On Making the Games Industry a Better Place to Work

Illustration for article titled On Making the Games Industry a Better Place to Work

I was talking the other day with a friend regarding my job(s) and how lucky I felt to have them, when it suddenly occurred to me that I was really, really glad I didn't work in the industry for a developer. Oh, sure, there are plenty of horror stories about grad school and academia (plus New York Times articles on why blogging is an unhealthy profession), but it all seems like a cake walk compared to the stories that come from the developer trenches. Well, EA's European head of talent acquisition has set about to debunk some myths about working in the game industry and point to ways to attract talent and keep talent in the trenches:

For our industry to continue to grow at its current rate of acceleration, we need to attract talent from other industries as well as more new graduates. The industry has become overly reliant on playing recruitment chess - taking employees from one competitor and then losing their own in return. This never ending game benefits no one, results in stalemate and does not meet the industry's needs for fresh perspective and growth.

A simple Google search for "games industry" reveals a number of preconceptions of what working in gaming is like. Today I'd like to acknowledge common perceptions and break through some of these myths. Together, we can debunk these myths and grow the industry with a new generation of talent.

Top Myths About Working In Gaming

- Work Hard/Play Hard

- Getting Lost In The Crowd

- Jobs, Not Careers

- Old Demographic Paradigms

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It's an interesting little piece, more so if you're dying to get into the industry, I'm sure. I'll take the shark-infested waters of academia any day, but that's just me.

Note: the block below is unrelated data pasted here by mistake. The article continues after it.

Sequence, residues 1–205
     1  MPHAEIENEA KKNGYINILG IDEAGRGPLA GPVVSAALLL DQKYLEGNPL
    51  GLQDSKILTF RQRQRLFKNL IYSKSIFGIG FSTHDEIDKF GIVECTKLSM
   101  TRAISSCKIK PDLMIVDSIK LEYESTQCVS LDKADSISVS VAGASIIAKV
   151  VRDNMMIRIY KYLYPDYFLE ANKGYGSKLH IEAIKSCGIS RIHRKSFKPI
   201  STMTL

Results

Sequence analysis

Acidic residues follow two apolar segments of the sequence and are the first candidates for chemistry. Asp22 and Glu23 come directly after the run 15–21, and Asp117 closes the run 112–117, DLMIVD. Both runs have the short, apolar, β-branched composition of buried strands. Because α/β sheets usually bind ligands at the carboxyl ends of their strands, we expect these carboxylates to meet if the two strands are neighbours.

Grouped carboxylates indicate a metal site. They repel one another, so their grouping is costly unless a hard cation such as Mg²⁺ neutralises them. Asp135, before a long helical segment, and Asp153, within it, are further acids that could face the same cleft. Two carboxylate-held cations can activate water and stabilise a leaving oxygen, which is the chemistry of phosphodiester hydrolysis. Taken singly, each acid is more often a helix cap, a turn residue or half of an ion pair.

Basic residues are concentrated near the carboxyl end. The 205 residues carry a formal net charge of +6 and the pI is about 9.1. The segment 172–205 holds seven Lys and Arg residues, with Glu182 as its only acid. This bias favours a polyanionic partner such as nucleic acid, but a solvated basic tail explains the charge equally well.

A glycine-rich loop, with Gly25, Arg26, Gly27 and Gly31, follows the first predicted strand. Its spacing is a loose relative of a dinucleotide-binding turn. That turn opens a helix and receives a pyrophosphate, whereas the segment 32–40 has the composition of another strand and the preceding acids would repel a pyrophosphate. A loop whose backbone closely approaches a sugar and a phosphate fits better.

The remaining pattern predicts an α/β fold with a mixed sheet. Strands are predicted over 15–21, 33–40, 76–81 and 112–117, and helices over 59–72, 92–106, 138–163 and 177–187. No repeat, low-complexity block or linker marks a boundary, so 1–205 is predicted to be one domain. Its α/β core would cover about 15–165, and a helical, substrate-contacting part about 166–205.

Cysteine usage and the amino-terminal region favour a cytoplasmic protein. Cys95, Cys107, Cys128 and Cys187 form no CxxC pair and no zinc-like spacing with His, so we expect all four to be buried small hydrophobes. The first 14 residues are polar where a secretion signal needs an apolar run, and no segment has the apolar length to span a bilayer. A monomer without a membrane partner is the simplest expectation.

Making The Game Industry An Attractive Place To Work [GameCareerGuide]

DISCUSSION

badasscat
badasscat

@topaz420: The thing about the film industry (and it's always been this way) is that you accept working long hours and you accept crunch times because you're working project to project. There aren't that many full-time regular employees in the film industry - most people are freelance.

That's a hard life with its own challenges, as I know first-hand, but I'd take it over the way the game industry is run, which I also know first-hand. I've worked in both industries. The game industry is the worst of the film industry, only all the time. In the film industry you can always see light at the end of the tunnel; there is a project, and at some point it's going to end. Then you decide what you're going to do next; you can take 6 months off if you want and can afford it, or you can look for your next project right away. In the game industry, you finish one project and no choice, you're right back to work on the next. The only relief you have is knowing there's at least a couple months between crunches.

Imagine you're a band on a world tour. That's a fun thing to do but it's hard, you're basically working every day until like 2AM - traveling, rehearsing, performing, then the obligatory after-party, etc. It's fun for a while but by the end, the only thing that gets you through is knowing you're gonna have some time off afterwards. Well, imagine if instead of that time off, your life in the band was just one world tour after another. As soon as you finish one world tour, the very next day you go halfway around the world and start again. And it's like this day in and day out forever. That is the game industry.